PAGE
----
A rezoning request by the Seventh Day Adventist Church at 517 N. Spring Street has met with some resistance from McMinnville Planning Commission members.
Church representatives asked the property to be rezoned from R2, medium-density residential, to R5, a mixed use of residential and commercial.
Pastor Haley Roth says the zoning change would allow the church to operate a thrift store.
“As we understand it, we have to rezone in order to have a thrift shop,” Roth said. “A thrift shop would generate some revenue so we can help some families who are in need, as well as allow us to stock up some clothing just in case someone comes in who needs clothing. We could even have some furnishings available.”
Roth says the church’s location is an “ideal thoroughfare for connecting with the community” and “there are other businesses in close proximity.”
Church representative Josephine Abbot says the church is for sale.
“It’s not for sure that we will do this because the church could, possibly, be up for sale. We have some interest from other people, too.”
Close proximity to other businesses may not be close enough, says staff planner Jonathan Ward.
“Everything around there is residential,” he said. “This could be interpreted as an issue of spot zoning, which is poor zoning principle. You are not accomplishing your plans for the city with spot zoning sections here and there.”
The church’s property borders R2 zoned property to the north, south, east and west, and a portion of the property borders R3 zones to the east.
Ward says commission members have to decide, “Do you think the area is more suitable for more commercial development in the future? I know we have some high-density residential right across the street. I just hate for us to get in issues of granting spot zoning.”
The church being for sale could also pose a problem. Ward says once the property is rezoned R5, anything allowed in that district can be placed on the property.
“If you grant the rezoning and the property goes on the market, anything allowed in that district will be allowed on the property,” he said. “They have a plan, but it is also a marketing strategy for them. This would make it more valuable for someone else.”
Along with a church, permitted uses of R5 include single-family detached and two-family attached dwellings, accessory apartments in single-family detached dwellings, and the taking of boarders or the leasing of rooms by the family residing on the premises.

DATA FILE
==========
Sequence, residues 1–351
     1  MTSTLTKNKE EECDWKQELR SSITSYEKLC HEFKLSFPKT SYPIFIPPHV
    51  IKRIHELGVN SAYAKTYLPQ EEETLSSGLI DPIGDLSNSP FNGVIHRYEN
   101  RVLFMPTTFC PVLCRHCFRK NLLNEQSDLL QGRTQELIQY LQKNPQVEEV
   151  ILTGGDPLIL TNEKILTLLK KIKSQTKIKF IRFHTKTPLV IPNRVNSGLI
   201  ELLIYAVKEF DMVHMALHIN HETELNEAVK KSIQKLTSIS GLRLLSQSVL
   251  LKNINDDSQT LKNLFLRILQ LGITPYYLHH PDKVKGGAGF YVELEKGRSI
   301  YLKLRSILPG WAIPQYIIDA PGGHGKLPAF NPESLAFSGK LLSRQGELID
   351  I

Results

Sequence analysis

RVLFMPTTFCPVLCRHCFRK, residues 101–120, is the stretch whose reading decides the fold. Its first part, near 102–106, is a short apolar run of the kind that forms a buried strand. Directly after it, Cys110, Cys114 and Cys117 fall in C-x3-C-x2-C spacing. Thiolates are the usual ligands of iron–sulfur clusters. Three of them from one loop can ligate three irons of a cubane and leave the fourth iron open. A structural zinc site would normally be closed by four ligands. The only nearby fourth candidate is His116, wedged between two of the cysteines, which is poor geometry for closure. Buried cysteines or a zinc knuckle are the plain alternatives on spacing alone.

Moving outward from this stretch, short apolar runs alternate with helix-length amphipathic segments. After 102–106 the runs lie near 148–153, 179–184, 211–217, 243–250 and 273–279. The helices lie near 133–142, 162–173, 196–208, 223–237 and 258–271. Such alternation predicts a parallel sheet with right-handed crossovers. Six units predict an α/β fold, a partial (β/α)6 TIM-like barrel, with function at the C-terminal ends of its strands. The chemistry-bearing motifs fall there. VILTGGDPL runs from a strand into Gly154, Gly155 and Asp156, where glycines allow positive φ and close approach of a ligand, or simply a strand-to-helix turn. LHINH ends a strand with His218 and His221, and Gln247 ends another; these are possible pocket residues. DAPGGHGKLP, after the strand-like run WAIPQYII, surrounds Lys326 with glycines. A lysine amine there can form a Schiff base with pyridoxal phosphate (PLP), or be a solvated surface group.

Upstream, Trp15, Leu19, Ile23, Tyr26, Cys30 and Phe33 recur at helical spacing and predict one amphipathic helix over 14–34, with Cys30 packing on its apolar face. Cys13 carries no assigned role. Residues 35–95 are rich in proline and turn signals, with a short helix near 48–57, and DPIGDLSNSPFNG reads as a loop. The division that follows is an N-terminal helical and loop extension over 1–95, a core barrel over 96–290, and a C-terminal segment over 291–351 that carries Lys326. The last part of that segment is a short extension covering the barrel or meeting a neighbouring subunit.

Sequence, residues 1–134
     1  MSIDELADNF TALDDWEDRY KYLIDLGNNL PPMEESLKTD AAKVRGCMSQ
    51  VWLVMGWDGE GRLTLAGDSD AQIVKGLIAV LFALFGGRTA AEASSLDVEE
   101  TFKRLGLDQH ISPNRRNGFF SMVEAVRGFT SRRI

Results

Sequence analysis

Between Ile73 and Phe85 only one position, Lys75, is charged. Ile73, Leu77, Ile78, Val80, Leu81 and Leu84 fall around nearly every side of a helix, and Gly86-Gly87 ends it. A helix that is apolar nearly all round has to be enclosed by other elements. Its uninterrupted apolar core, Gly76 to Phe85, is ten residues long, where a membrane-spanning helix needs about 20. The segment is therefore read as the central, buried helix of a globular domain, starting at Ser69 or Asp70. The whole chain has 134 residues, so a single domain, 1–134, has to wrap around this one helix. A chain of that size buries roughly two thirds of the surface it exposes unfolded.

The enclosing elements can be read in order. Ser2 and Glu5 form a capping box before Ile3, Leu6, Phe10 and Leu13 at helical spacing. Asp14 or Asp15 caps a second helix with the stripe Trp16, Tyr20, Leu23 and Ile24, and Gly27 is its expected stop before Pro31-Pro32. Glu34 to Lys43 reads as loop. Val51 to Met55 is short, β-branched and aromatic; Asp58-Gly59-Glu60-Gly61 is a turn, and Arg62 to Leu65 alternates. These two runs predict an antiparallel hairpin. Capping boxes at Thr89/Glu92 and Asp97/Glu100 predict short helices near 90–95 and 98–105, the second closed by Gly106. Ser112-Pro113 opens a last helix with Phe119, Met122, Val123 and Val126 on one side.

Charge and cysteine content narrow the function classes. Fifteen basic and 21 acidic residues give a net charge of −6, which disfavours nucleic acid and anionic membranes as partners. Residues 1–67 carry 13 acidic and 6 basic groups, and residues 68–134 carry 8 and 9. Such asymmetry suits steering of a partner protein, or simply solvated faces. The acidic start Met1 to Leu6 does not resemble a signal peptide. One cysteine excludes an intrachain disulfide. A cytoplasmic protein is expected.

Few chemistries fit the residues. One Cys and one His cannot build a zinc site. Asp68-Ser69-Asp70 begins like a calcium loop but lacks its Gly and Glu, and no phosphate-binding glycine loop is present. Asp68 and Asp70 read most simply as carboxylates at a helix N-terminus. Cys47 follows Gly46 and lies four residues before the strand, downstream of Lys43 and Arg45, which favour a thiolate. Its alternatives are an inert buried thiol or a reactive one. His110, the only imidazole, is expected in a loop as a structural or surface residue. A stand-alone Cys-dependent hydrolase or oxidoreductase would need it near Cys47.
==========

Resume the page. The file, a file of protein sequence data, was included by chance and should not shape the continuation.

Permitted uses that would attract the attention of business owners include a bed and breakfast establishment, tea rooms, professional offices for doctors, dentists, lawyers, etc., TV, radio and satellite dish antennas, and limited retail business uses such as dress shops, florist, gift shops, antique stores, and craft stores.
Permitted uses on appeal include daycare homes, public utilities, municipal uses such as fire and police substations, public parks and public recreational facilities, community/ grocery, mini markets and the like.
The church is about three blocks away from the closest R5 property on N. Spring Street. Planning and Zoning manager Josh Baker offered to contact the property owners between R5 and the church to see if they would be interested in rezoning their property so this rezoning effort would not be considered spot zoning.
“I think this lot is two to three lots away from joining an R5,” said Baker. “If we are going to rezone, let’s link them up. Let’s not have a spot zone. I would be willing to contact those property owners and see how they feel about rezoning.”
In allowing Baker to contact the property owners, Planning Commission member Jim Brock asked him to remind the property owners that property taxes are not based on zone.
“The first thing you will run into is a misunderstanding people have,” said Brock. “Property taxes are not based on zoning. They are based on use. Rezoning will not increase their property taxes.”
Planning Commission members Brock, David Marttala, Amie Hodges, Anthony Pelham and Jimmy Bonner tabled the measure until the property owners could be contacted.